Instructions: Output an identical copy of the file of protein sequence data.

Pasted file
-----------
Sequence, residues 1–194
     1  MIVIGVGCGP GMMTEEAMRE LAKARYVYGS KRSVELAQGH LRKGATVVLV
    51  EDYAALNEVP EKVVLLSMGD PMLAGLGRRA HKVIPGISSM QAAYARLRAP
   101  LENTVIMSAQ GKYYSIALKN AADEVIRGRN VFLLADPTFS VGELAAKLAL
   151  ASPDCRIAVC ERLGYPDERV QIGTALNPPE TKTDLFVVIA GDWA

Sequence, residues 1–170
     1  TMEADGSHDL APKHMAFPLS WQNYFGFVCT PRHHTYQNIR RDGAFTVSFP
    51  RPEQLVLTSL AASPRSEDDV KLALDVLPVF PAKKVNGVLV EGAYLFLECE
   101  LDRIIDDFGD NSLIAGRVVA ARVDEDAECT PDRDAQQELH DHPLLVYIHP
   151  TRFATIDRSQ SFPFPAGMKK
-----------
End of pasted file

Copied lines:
Sequence, residues 1–194
     1  MIVIGVGCGP GMMTEEAMRE LAKARYVYGS KRSVELAQGH LRKGATVVLV
    51  EDYAALNEVP EKVVLLSMGD PMLAGLGRRA HKVIPGISSM QAAYARLRAP
   101  LENTVIMSAQ GKYYSIALKN AADEVIRGRN VFLLADPTFS VGELAAKLAL
   151  ASPDCRIAVC ERLGYPDERV QIGTALNPPE TKTDLFVVIA GDWA

Sequence, residues 1–170
     1  TMEADGSHDL APKHMAFPLS WQNYFGFVCT PRHHTYQNIR RDGAFTVSFP
    51  RPEQLVLTSL AASPRSEDDV KLALDVLPVF PAKKVNGVLV EGAYLFLECE
   101  LDRIIDDFGD NSLIAGRVVA ARVDEDAECT PDRDAQQELH DHPLLVYIHP
   151  TRFATIDRSQ SFPFPAGMKK